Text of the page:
For Immediate Release
Tuesday, July 7, 2015
Reference: Jackelyn Mariano, 347.244.8953, email@example.com
(L to R: Neri Colmenares; US drones near Ticao Island, Philippines; Amirah Lidasan)
Amidst US-China Dispute in South China Sea, DC Tribunal Tackles US Drone Ops, Violations to Philippine Sovereignty
WASHINGTON DC-- As ongoing US-China military tensions over the South China Sea escalate, international human rights advocates are gathering in Washington DC to examine violations to Philippine sovereignty and territorial integrity as a result of escalating US military presence. An International Peoples’ Tribunal (IPT) on the Philippines, scheduled for July 16-18 at the Catholic University of America, will tackle the human rights situation in the Philippines as well as the impact of US military presence which is increasing by way of the newly-signed Enhanced Defense Cooperation Agreement (EDCA).
Amongst the witnesses traveling from the Philippines to testify in the public opinion court are Philippine Congress Representative Neri Colmenares of Bayan Muna Party List and Suara Bangsamoro spokesperson Amirah Lidasan.
“China’s moves in the South China Sea is being condemned around the world, that’s why it’s correct we Filipinos go to the international community and ask for support rather than play into the trap of the US. The US has no concern for the Filipino people. It will not wage war with China to defend the Philippines. It only wants to freely navigate the seas for its own economic and military interests,” stated Colmenares last June 12 at a rally in front of the Chinese Embassy in Manila.
Colmenares will serve as an expert witness on the impact of the US-RP Visiting Forces Agreement and the EDCA, both of which have ensured a permanent rotational presence of US military in the country.
“Since 2002, we have been reporting on the US-directed anti-terrorism operations in Mindanao, and the secret participation of US troops, but no one believed us. The legislators refused to listen to us. The President refused to listen to us. But now, with the bloodbath at Mamasapano, US-trained Special Action Forces of the Philippine National Police themselves are speaking out about how the whole operation was under the command of the US military with US military troops on the ground,” stated Lidasan at a rally in front of the US Embassy last February in Manila.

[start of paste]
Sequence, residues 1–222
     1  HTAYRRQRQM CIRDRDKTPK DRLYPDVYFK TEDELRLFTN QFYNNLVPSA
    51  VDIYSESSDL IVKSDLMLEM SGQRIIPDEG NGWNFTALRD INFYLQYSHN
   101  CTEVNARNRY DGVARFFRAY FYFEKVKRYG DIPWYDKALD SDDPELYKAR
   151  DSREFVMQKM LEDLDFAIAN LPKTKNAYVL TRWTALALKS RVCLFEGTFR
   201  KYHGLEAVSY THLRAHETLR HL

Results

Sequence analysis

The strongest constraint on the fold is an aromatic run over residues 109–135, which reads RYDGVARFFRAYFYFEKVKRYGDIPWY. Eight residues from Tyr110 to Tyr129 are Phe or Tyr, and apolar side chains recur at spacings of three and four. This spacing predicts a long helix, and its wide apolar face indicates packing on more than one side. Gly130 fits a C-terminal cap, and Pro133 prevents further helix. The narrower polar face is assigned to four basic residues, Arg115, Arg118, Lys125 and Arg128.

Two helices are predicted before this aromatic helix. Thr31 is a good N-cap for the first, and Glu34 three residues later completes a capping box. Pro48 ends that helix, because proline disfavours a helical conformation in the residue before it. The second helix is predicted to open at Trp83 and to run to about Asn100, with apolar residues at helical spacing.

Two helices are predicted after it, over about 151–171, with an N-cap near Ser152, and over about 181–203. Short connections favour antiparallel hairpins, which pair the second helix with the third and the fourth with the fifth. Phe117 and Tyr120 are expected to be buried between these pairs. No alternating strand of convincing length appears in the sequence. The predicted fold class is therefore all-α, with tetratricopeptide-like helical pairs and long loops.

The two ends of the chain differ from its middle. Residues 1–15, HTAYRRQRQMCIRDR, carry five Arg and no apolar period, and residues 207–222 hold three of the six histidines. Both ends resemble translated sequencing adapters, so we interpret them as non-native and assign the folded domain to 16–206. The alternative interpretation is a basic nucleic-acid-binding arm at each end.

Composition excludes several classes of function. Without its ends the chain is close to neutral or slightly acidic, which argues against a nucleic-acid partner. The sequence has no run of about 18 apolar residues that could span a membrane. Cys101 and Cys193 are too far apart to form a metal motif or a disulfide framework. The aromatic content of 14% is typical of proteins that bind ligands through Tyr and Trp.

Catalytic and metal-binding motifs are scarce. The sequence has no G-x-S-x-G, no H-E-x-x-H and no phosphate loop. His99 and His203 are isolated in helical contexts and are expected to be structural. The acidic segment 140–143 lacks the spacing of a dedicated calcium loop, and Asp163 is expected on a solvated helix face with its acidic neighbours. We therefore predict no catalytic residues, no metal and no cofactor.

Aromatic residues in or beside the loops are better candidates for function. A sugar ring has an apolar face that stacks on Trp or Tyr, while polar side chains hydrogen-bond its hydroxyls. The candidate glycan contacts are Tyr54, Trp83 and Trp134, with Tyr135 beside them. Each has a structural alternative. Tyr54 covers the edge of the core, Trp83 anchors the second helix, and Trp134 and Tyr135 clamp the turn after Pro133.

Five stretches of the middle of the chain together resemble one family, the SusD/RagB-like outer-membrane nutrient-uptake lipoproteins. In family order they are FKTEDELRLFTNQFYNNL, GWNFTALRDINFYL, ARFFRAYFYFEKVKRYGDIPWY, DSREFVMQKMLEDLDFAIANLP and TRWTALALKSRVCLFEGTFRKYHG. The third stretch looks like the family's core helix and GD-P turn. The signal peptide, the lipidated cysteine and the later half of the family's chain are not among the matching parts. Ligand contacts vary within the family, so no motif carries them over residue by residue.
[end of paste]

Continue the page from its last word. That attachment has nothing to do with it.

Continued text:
Lidasan, a native Moro, will testify on secret US drone operations and military presence in Muslim Mindanao, most recently seen in the US-directed anti-terrorist operation in Mamasapano, Maguindanao last January that not only broke rank inside Philippine state forces, but resulted in the death of over 70, including 44 Special Action Forces of the Philippine National Police.
Cases filed in the IPT include the murder of Filipina transwoman Jennifer Laude allegedly by a US Marine last October and the destruction of the Tubbataha Reef, one of the most biodiverse marine life sanctuaries and a UNESCO world heritage site, by a US naval minesweeper in the Sulu Sea.
“It’s time for US taxpayers to understand the role of their government in the human rights crisis in the Philippines, including the impact of US militarism on the Filipino people and their environment,” states Katrina Abarcar of the International Coalition for Human Rights in the Philippines (ICHRP), one of the conveners of the IPT. Other conveners include the National Lawyers Guild, the International Association of Democratic Lawyers, and Ibon International.
A 2007 US Senate hearing on killings in the Philippines led to restrictions placed on a portion of the annual US military aid package to the Philippine government, based on the Philippine military’s culpability in gross human rights abuses.
Neri Colmenares and Amirah Lidasan are available for media interviews.